Tarangire National Park is the sixth largest national park in Tanzania located Manyara, South East of Arusha. The Park covers an area of approximately 2,850 square kilometers. The landscape is composed of granitic ridges, river valley, and swamps.
The park was named after the fresh water Tarangire River that passes through it. The Tarangire Ecosystem is defined by the long-distance migration of wildebeest and zebras and, the Tarangire River which is the animal’s water source during the dry seasons.
The park is famous for its high population of elephants, baobab and acacia trees. Large herds of zebras, wildebeests and cape buffalos can be sighted from June to November. Other common resident animals include waterbuck, giraffe, dik dik, impala, eland, Grant's gazelle, vervet monkey, banded mongoose, and olive baboon.
Predators found in Tarangire include: the African lion, leopard, cheetah, caracal, honey badger, and African wild dog. The park has few elephant ecosystems, it is famous for the twin elephant births and the oldest known elephant to have given birth to twins. The park also has the highest population of elephants than any other park in Tanzania.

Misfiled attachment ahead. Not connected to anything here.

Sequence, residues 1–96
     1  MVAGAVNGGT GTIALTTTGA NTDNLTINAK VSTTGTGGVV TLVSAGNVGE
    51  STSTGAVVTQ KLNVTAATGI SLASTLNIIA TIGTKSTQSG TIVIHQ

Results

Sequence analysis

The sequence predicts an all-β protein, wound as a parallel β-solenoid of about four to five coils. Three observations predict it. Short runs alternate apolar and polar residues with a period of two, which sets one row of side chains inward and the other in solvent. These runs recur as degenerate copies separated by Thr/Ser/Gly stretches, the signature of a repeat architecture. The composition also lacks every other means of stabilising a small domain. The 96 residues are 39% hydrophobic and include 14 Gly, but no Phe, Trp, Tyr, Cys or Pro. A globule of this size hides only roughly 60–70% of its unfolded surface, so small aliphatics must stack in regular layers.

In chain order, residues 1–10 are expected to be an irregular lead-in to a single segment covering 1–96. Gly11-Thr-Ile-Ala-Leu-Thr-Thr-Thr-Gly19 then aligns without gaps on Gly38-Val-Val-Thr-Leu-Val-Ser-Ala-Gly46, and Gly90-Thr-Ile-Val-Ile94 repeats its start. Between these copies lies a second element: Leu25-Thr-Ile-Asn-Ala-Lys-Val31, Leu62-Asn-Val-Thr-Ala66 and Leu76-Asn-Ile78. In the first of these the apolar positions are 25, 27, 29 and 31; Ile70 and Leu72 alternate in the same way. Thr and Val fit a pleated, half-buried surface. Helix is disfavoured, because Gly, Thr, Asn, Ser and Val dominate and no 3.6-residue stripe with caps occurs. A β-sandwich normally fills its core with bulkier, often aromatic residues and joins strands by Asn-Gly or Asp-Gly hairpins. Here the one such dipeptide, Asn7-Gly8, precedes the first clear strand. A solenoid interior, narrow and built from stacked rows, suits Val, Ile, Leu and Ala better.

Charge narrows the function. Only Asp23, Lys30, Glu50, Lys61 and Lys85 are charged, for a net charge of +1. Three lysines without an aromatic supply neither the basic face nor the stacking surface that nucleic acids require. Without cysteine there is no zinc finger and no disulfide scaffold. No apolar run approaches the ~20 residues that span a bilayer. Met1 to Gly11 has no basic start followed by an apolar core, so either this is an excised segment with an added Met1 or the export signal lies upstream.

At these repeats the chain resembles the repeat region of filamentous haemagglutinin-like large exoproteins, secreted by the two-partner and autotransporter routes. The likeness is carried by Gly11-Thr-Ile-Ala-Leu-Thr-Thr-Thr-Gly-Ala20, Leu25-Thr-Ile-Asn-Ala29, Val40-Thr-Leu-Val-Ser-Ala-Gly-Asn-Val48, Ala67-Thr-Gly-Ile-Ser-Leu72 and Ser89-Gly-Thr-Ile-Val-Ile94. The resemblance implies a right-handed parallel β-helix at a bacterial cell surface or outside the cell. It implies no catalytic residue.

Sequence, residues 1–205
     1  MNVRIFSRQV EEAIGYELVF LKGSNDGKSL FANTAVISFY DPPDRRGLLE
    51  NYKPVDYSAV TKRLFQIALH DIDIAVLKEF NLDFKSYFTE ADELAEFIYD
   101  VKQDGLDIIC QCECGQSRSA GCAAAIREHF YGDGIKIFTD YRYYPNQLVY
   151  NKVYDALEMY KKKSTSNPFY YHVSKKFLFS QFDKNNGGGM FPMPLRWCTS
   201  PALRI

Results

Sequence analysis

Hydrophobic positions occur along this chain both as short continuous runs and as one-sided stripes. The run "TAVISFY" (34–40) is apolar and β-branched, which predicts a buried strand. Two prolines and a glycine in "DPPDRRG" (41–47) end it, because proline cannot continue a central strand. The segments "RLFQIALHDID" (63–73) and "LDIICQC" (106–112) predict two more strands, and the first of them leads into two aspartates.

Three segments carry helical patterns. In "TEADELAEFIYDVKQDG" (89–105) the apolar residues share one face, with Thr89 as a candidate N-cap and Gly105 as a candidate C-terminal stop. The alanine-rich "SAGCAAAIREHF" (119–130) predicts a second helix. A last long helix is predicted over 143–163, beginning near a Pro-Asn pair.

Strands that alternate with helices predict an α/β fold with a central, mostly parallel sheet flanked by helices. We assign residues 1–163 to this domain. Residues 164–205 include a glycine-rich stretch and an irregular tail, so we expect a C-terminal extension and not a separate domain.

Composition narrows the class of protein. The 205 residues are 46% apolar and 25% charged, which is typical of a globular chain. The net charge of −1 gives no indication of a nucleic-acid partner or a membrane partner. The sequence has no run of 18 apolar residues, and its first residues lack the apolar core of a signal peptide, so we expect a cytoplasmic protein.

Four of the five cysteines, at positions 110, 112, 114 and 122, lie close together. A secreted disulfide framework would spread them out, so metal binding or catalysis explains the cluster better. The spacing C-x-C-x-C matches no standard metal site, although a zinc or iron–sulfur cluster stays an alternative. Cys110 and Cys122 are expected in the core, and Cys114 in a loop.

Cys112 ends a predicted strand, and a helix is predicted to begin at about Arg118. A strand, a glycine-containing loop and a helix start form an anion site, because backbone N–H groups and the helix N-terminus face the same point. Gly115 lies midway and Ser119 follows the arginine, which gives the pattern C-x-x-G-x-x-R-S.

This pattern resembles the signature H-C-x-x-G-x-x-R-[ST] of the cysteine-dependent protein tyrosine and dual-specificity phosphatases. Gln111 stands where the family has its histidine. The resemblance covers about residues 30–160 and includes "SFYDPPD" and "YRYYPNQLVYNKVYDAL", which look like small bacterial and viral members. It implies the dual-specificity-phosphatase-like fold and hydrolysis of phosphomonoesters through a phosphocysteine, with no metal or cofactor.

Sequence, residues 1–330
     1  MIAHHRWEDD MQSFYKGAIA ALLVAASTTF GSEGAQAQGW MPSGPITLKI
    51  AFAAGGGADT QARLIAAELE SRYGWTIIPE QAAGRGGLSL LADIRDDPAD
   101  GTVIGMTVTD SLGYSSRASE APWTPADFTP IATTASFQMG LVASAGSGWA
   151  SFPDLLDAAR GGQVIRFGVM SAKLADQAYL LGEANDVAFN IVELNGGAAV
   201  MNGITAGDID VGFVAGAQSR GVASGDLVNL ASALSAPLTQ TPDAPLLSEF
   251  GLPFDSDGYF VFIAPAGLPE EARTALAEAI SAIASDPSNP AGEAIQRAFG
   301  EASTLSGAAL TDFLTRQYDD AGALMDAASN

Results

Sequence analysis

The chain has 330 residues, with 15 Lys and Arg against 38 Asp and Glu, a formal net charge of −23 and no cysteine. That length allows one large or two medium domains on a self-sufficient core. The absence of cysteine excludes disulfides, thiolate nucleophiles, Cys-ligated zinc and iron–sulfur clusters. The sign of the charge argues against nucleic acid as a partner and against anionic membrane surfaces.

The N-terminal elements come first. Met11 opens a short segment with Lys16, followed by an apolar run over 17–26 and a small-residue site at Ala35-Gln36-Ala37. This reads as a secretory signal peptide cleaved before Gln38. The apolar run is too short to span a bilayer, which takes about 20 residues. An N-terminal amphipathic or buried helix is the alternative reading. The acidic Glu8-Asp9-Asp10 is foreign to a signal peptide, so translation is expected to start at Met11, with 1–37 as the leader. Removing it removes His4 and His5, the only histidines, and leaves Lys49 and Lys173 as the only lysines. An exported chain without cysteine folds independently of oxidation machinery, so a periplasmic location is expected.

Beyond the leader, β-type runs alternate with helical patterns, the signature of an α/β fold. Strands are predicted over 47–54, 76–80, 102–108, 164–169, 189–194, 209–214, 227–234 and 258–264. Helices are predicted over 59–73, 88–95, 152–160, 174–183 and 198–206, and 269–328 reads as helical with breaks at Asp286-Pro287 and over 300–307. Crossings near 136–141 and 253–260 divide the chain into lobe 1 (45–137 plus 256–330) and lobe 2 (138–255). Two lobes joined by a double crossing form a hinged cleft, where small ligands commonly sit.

The Park is also home to more than 550 bird species, the park is a haven for bird enthusiasts. One can find the Kori bustard, the heaviest flying bird; the stocking-thigh ostrich, the world’s largest bird; and small parties of ground hornbills blustering like turkeys.
Ardent bird watchers might keep an eye on the screeching flocks of the yellow-collared lovebird, the drabber rufus-tailed weaver and the ashy starling.
The park is also famous for the termite mounds that dot the landscape and are shelter to the Mongoose once abandoned by the termites. The unique loud, clockwork – like duetting from the mongoose, and the pairs of red-and-yellow barbet cannot be ignored. The Park is also home to the rare white giraffe.
Activities in this Park include: guided walking safaris, day trips to Maasai and Barabaig villages and, ancient rock paintings in Kolo, Dodoma Road.